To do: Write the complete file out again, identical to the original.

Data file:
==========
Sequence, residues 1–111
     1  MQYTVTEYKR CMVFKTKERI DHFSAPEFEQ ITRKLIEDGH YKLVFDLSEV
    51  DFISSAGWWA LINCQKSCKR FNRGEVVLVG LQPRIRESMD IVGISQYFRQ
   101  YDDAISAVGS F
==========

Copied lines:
Sequence, residues 1–111
     1  MQYTVTEYKR CMVFKTKERI DHFSAPEFEQ ITRKLIEDGH YKLVFDLSEV
    51  DFISSAGWWA LINCQKSCKR FNRGEVVLVG LQPRIRESMD IVGISQYFRQ
   101  YDDAISAVGS F